The dressmaker made me wait if there was a fitting. Amid swathes of white net and lace. The opposite to the dusty brown tobacconists. I felt she wanted me to argue but there’d be a Saturday afternoon fug back at the shop so was happy to stand.
(I once tried to sit. Her eyebrows warned me not to.)
So, I waited.
Doris always asked how much. Then searched for money like the amount (£13.60) and the time (3:00pm) I’d arrived were a shock although everything about her order (200 Silk Cut) was the same every week.
This filled me with dread.
Just taking a Mercury to the Bookies.
It was always busy. Smoky. You could taste the tension in the air.
I hated it.
I’d queue. When really, I could've just gone to the front to slide it under the counter. I was too much of a mouse.
I did a deal when I could. With the bosses son. He’d take it and I got to watch the shop alone. That excited me and he liked putting a bet on. He smiled, nodded and put his finger to the side of his nose when he had.
My boss played chess by post. He spent all morning thinking before writing his move in the grid then gave me the letter to take to the box.
After a flurry of customers en route to the footie via the pub I'd sit on the step, pull the ring pull off a can of Quatro and wear it as a ring while I drank.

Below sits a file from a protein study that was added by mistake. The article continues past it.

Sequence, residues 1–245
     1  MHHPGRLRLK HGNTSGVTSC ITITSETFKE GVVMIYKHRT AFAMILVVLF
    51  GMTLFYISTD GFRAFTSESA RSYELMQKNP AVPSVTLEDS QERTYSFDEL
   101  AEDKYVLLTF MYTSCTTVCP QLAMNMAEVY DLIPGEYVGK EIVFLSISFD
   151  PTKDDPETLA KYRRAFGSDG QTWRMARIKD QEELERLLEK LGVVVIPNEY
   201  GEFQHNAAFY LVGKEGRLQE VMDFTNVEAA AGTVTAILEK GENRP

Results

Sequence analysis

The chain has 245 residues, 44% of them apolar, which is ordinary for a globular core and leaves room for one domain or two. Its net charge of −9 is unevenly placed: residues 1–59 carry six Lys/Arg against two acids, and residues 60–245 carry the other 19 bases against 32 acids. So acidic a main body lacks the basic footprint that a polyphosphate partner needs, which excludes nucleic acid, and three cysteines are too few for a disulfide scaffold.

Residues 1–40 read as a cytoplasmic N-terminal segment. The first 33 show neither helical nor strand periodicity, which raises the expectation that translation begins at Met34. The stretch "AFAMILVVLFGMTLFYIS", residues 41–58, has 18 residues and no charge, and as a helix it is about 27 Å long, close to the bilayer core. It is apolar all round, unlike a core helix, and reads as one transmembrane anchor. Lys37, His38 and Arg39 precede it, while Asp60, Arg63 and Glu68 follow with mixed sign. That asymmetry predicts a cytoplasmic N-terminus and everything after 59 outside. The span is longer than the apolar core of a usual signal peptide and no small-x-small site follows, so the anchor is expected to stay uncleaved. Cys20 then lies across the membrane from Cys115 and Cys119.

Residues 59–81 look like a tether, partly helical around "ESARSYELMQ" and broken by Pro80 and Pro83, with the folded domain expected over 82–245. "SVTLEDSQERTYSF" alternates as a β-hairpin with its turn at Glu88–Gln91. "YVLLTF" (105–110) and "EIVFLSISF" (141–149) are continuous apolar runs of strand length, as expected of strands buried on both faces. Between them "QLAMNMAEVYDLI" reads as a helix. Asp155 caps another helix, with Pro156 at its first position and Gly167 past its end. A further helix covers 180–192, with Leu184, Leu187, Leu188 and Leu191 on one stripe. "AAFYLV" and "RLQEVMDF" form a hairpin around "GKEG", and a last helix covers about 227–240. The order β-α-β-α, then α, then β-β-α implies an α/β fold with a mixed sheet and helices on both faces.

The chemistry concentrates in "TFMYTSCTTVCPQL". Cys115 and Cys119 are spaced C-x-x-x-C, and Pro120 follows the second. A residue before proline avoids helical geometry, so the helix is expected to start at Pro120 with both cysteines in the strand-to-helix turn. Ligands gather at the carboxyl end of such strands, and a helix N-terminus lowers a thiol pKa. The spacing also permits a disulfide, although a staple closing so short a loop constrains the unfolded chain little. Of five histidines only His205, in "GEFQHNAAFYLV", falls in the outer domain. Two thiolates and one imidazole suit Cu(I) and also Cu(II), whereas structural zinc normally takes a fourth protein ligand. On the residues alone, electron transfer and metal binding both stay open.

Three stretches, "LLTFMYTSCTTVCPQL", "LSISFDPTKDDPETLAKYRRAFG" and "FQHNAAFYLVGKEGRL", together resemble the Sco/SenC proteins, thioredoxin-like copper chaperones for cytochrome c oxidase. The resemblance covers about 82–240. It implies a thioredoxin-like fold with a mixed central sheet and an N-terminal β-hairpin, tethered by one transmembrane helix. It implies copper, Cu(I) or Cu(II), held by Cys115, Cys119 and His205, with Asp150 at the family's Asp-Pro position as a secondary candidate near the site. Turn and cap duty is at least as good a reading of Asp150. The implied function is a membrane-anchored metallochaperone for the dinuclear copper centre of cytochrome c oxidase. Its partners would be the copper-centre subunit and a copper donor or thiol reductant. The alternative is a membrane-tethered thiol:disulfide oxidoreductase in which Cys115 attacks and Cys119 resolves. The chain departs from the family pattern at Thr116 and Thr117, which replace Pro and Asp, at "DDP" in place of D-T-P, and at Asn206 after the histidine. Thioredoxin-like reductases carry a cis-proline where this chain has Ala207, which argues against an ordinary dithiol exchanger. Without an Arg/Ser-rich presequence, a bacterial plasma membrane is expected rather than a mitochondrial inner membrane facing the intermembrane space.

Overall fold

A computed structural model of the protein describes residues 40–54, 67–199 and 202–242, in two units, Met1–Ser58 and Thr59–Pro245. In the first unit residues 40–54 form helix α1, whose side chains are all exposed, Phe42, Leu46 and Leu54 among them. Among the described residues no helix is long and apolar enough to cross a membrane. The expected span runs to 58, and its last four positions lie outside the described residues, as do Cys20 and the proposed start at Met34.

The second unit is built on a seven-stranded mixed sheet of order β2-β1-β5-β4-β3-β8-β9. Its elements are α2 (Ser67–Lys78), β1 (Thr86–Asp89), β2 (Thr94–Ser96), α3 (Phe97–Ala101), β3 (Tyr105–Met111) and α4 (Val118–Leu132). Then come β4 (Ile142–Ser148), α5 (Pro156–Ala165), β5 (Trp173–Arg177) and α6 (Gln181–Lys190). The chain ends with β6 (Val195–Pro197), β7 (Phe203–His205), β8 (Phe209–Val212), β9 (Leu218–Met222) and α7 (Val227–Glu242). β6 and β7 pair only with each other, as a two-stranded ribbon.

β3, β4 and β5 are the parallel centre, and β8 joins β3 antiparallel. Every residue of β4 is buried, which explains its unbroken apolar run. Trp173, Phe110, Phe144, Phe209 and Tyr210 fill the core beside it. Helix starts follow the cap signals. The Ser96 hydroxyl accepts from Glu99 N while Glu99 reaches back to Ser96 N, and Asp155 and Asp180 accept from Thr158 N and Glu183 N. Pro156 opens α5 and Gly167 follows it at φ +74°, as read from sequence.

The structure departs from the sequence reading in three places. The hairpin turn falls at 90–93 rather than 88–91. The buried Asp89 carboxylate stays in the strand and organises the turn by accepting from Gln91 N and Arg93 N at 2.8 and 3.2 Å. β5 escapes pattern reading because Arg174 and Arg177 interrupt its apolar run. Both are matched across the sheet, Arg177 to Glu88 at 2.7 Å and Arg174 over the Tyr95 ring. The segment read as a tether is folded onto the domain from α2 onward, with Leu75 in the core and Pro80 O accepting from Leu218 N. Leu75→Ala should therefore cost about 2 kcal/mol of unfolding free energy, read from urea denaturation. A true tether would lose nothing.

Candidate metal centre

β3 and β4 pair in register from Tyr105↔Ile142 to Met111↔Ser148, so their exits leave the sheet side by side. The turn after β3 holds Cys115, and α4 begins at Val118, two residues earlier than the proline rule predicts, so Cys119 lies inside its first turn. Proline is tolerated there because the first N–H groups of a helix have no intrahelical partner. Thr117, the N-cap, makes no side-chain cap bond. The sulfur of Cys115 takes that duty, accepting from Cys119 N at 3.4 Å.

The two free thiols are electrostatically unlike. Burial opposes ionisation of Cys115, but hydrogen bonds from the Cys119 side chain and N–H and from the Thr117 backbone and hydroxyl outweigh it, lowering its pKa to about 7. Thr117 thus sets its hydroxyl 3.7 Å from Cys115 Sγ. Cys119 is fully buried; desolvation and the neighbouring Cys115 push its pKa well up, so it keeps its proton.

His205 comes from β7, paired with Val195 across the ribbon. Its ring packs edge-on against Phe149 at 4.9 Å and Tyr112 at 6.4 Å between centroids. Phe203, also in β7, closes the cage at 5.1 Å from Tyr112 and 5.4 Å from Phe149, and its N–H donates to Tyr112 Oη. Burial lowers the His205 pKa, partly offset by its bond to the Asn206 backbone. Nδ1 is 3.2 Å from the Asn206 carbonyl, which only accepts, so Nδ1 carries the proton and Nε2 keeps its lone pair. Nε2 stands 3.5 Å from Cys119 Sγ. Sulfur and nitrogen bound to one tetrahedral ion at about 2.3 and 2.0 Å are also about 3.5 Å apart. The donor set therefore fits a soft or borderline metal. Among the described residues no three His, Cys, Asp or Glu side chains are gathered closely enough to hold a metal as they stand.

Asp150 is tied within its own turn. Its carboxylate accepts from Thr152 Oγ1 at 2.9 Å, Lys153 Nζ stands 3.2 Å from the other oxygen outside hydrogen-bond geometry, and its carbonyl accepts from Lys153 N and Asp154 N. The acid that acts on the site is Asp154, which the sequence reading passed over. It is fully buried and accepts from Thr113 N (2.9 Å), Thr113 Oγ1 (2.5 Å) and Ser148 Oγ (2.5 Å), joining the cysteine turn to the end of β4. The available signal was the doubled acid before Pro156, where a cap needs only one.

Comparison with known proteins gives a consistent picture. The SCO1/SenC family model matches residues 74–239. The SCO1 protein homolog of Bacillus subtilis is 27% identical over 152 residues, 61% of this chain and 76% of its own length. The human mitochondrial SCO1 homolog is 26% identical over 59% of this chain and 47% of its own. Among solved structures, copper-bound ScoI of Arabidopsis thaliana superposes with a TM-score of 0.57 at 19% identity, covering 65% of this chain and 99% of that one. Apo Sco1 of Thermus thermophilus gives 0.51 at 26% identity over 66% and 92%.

A boy, with a flick like David Sylvian, would come in early afternoon. He bought the coloured Sobranie cocktail cigarettes but once asked for the Black Russians. Imagining his life thrilled me. Still does a bit.
I covered quite some distance, delivering all over the City Centre. I couldn’t carry all the weekend supplements so I split the round in two and was told ‘Make sure you do it double quick’.
There weren’t any houses I don’t think. Just offices, each had three papers that'd be unread until Monday. It added to the futility of the morning's first job.
Down Grey Friars there was a letterbox with a serrated saw inside, I'd forget every third Saturday whilst not letting them 'poke out’.
After my last one down by the canal, I’d saunter back to the shop.
It was a different world.
I enjoyed being part of it.
Shouted tips for the 3:30 and swearing at football predictions.
Hand on chin by the till, propped on the glass topped display counter. (Old fashioned in 1986.) My elbows hovered above Montecristo’s and carved bowls of Meerschaum pipes. I watched red faced men struggle to reach their mags. Being green, I never offered them a bag.
About 11am 'Ounce of SP please' (said with a lisping nasal twang) would come in.
Sometimes the boss let me take an empty wooden cigar box home. It was the only perk.